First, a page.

Database to Word

May 11, 2011 at 07:53:56
Specs: XP, 3.2 / 6
Newbie here, looking to create first database for my business. Before I start, I'd appreciate any advice you have about extracting the output to Word 2007. I'll likely be using something user friendly, like Filemaker Pro 11.

Example: Database filled with specifics about a piece of property that differ from property to property (i.e., address/street, county, date of sale, topography, river frontage, etc.). I want to be able to search for sales in XYZ County that occurred between 1/1/2010 and 1/1/2011, then output the details to both Word [for reporting purposes] and Excel [for charting purposes].

From what little I know, thus far, it seems like exporting the search results to a csv file is the appropriate route, but I need to know how to get the individual fields/data into a preformatted document template (or active word document that I'm typing in). Any ideas/suggestions/softwares to make that happen [as effortlessly as possible]?

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May 11, 2011 at 08:08:40
Your database application should be able to create reports and charts. No need to export / import

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May 12, 2011 at 15:18:24
Thanks - Its not a matter of viewing the charts in one place or another, I physically need to produce a Word document containing fields from data in the database. I also need to be able to manipulate the data in Excel.

For example, if you had a database filled with all of the houses that sold in your neighborhood - some with carports, some without, some with basements, some without, some with 2,800 SF, some with 2,500 SF.... If you were to compare your house, at 2,500 SF, with a carport and with a basement, you'd want to filter for sales that fit those criteria, then bring them into Excel to say "Ok, these five houses sold... but this one sold a year ago, these two sold six months ago, and these two sold a week ago. I need to correlate the otherwise-similar data based on date of sale, because prices go up and down over time."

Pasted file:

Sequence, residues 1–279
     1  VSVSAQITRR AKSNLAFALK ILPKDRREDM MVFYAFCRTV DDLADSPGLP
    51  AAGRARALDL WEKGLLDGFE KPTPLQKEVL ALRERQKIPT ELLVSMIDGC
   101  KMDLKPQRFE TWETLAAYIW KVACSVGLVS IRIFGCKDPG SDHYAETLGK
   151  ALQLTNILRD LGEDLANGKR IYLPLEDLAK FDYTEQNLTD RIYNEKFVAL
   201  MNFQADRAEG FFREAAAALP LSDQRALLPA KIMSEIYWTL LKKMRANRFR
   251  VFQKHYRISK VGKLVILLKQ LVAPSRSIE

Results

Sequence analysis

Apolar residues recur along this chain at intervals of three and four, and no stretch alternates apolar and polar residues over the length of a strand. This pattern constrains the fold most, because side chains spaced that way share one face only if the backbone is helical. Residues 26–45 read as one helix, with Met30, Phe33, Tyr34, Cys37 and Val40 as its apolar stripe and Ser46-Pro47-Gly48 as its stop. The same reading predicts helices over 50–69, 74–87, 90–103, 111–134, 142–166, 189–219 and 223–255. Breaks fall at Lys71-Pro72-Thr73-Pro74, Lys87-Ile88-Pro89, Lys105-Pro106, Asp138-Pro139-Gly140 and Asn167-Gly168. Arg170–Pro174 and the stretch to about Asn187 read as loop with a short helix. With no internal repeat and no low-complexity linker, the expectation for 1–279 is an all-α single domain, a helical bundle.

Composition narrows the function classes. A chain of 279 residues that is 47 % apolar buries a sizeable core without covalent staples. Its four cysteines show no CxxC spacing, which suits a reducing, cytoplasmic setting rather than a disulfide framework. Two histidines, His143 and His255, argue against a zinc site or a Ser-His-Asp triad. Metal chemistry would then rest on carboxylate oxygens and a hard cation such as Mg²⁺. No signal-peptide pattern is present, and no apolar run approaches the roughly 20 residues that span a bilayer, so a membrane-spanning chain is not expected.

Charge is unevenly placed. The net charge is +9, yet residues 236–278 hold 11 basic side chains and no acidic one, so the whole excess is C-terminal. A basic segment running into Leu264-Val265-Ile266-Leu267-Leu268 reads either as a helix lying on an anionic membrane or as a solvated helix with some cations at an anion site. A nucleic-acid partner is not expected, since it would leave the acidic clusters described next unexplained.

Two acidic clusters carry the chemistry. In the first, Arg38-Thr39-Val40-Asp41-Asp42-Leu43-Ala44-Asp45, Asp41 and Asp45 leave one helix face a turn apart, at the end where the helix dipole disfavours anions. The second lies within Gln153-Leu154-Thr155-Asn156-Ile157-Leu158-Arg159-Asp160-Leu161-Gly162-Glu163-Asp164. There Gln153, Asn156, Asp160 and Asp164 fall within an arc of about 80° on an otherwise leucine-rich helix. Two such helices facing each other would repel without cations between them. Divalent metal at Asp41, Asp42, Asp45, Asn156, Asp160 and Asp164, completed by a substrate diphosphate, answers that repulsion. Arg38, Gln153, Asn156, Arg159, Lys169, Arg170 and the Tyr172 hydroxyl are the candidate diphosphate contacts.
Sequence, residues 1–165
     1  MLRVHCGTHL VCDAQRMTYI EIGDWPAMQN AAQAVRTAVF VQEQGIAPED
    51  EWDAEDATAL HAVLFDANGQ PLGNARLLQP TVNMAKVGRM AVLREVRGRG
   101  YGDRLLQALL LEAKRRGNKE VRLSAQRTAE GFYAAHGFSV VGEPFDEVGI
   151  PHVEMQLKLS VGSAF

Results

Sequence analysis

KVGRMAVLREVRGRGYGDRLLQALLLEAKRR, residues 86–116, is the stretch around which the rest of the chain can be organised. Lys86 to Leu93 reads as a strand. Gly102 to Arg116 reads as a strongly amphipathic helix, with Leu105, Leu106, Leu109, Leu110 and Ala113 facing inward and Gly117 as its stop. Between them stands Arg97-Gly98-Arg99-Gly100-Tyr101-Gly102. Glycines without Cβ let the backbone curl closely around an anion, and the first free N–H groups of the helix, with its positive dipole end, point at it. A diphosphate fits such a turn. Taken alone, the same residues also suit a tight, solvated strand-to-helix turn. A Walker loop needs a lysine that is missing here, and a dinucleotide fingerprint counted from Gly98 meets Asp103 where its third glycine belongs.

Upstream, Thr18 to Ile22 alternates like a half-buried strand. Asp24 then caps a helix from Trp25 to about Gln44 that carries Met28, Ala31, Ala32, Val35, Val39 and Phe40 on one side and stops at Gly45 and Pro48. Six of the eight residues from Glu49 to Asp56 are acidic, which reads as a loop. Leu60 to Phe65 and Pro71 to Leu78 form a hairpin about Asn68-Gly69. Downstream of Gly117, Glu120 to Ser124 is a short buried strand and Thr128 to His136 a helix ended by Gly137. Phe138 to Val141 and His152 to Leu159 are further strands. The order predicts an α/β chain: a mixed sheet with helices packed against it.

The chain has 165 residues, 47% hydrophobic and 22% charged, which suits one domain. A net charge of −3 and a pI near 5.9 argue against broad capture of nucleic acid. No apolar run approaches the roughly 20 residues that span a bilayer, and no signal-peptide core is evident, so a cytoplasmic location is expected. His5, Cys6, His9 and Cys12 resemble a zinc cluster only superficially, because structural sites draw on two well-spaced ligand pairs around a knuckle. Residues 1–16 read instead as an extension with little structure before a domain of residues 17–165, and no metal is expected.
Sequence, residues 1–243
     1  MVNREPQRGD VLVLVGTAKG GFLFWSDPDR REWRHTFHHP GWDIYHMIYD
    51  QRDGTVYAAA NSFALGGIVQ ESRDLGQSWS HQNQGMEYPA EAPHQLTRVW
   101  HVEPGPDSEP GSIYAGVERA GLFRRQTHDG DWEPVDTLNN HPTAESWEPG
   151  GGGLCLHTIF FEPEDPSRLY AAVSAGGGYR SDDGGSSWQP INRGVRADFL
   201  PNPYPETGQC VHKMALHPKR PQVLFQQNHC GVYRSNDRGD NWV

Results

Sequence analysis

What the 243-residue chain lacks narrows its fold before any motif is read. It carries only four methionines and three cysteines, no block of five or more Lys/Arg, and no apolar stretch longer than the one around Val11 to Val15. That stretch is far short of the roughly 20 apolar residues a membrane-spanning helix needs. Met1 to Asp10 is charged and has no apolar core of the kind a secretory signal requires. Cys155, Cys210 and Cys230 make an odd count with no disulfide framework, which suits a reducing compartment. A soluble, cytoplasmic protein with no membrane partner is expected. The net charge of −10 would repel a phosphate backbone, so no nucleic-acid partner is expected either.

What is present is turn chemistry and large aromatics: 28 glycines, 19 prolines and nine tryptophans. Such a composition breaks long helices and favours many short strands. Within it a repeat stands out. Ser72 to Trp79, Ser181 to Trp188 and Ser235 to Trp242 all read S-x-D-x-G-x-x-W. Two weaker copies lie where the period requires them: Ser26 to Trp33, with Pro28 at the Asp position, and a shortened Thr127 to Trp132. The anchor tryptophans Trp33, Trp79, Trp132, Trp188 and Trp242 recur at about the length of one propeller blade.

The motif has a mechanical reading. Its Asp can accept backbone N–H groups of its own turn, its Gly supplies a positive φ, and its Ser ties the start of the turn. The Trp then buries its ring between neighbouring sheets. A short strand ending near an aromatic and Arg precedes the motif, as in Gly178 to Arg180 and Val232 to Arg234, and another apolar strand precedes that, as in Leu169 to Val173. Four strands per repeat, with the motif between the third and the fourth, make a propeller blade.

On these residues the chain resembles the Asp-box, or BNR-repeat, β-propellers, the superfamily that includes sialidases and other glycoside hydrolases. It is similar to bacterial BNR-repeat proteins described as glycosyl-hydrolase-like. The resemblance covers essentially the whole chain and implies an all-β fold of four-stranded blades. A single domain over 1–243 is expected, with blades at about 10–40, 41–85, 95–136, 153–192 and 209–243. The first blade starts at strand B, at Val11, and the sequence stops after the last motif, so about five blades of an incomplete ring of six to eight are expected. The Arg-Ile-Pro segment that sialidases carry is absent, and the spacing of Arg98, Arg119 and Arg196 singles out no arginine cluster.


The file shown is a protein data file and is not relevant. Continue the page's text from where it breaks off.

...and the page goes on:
The end product is a word document with 1) the raw data, as filtered down to applicable house sales; 2) price-adjusted data in a pre-formatted Excel spreadsheet; 3) the appropriate value, following adjustment to the price for date of sale. Again, the end product [the work product...] is a word document, not the ability to see raw data.

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